Prof Edzard Ernst retires

In 1993, Sir Maurice Laing, a supporter of complementary therapies, founded the Complementary Medicine Research Group, now at the Peninsula Medical School at the Universities of Exeter and Plymouth.

Laing appointed Edzard Ernst, then chair of physical and rehabilitation medicine at the Medical Faculty of Vienna, to set it up and Ernst became the first occupant of the Laing chair in Complementary Medicine. In 2002, Ernst became its Director.

It is to the defining attributes of science and the scientific method that Laing wanted — and needed — Ernst to adhere.

In 2008, Ernst explained his attitude to alternative therapies:

For us [Ernst and Dr Simon Singh], there is no such thing as alternative medicine.

There is either medicine that is effective or not, medicine that is safe or not. So-called alternative therapies need to be assessed and then classified as good medicines or bogus medicines.

Hopefully, in the future, the good medicines will be embraced within conventional medicine and the bogus medicines will be abandoned.

This was shortly after Enrst had been critical of misleading claims being made by Prince Charles' beloved, but now defunct, Foundation for Integrated Health. It was this that heralded the end of Ernst's career.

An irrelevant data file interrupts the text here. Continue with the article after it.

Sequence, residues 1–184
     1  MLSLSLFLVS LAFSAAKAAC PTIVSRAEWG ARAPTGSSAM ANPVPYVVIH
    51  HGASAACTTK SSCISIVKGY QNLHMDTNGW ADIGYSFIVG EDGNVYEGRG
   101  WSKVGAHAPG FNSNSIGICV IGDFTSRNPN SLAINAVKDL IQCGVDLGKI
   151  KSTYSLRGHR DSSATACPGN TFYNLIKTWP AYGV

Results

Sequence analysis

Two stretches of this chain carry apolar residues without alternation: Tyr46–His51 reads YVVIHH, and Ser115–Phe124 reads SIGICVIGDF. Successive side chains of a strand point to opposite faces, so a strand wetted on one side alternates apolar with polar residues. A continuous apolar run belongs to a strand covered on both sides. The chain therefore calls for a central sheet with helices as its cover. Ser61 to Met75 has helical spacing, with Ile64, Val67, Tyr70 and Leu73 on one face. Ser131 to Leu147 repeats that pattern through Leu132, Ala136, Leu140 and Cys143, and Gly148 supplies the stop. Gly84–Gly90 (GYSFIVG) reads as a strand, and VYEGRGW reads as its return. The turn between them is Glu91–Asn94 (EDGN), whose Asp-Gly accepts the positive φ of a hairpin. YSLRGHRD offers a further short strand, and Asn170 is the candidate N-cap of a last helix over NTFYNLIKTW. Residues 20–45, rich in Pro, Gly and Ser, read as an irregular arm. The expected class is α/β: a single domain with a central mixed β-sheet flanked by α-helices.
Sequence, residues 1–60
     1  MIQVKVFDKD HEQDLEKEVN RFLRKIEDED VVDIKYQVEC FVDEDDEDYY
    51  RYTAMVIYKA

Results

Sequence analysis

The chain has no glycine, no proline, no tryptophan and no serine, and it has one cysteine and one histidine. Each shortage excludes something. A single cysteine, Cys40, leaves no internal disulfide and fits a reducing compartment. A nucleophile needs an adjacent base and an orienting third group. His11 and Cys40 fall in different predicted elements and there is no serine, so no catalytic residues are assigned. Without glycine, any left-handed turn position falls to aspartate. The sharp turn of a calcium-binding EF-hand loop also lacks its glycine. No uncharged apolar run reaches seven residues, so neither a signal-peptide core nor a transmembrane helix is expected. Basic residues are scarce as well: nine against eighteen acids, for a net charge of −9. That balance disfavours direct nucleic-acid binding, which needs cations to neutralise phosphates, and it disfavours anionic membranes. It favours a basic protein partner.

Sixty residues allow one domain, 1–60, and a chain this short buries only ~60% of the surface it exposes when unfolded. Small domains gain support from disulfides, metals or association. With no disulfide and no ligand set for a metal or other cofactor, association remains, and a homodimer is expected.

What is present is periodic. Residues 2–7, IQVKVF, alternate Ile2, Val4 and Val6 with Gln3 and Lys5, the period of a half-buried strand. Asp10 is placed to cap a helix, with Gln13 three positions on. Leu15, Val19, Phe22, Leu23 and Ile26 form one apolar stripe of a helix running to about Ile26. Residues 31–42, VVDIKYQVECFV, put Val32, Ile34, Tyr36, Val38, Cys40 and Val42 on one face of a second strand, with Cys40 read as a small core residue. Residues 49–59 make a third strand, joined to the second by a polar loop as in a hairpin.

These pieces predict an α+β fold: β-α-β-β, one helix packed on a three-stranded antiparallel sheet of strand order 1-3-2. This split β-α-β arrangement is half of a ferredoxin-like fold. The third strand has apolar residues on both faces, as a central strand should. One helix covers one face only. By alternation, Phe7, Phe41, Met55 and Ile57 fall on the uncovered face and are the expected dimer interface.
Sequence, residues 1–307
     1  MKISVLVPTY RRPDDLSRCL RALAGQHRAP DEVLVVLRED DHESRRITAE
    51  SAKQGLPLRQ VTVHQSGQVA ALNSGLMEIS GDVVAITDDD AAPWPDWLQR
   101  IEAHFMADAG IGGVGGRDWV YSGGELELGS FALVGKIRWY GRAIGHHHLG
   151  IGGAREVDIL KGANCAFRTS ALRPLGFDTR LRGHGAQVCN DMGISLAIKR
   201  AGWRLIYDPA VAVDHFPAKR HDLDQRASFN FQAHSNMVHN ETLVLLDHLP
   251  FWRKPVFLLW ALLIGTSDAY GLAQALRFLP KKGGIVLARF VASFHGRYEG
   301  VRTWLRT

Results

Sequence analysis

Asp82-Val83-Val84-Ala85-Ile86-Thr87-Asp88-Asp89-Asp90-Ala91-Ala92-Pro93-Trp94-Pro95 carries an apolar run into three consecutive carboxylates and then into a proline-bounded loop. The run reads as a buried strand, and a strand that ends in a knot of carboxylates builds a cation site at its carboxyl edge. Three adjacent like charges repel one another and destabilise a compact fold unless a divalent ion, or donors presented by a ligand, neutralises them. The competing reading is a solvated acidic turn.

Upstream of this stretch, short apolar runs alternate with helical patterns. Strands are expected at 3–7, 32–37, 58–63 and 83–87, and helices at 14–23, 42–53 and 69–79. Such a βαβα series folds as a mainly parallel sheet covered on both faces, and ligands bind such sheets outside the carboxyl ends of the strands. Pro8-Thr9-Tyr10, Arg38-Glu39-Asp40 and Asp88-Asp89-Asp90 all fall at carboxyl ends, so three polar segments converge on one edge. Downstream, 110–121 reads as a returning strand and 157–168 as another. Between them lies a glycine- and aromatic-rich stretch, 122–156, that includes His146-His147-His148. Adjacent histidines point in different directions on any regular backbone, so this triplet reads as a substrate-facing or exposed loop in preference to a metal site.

A few days ago, Prof Ernst announced his retirement as Director of the Complementary Medicine Research Group.

To better understand the situation and future plans, we asked Prof Ernst some questions and he was kind enough to answer:

 

What does the Complementary Medicine Research Group at the Peninsula Medical School do and why?

From the early beginnings in 1993 we had defined our aims as follows.

  • To conduct rigorous, interdisciplinary and international collaborative research into the efficacy, safety and costs of complementary medicine (CM)
  • To be neither promotional nor derogatory but struggle for objectivity.
  • To promote analytical thinking in this area
  • The overreaching aim of all of our research is to maximise the benefit and minimise the risk of CM for the patient.

I believe that, vis-à-vis the high levels of usage and the abundance of misinformation bombarding consumers on a daily basis, these aims are important.

 

What was the original vision of Sir Maurice Laing?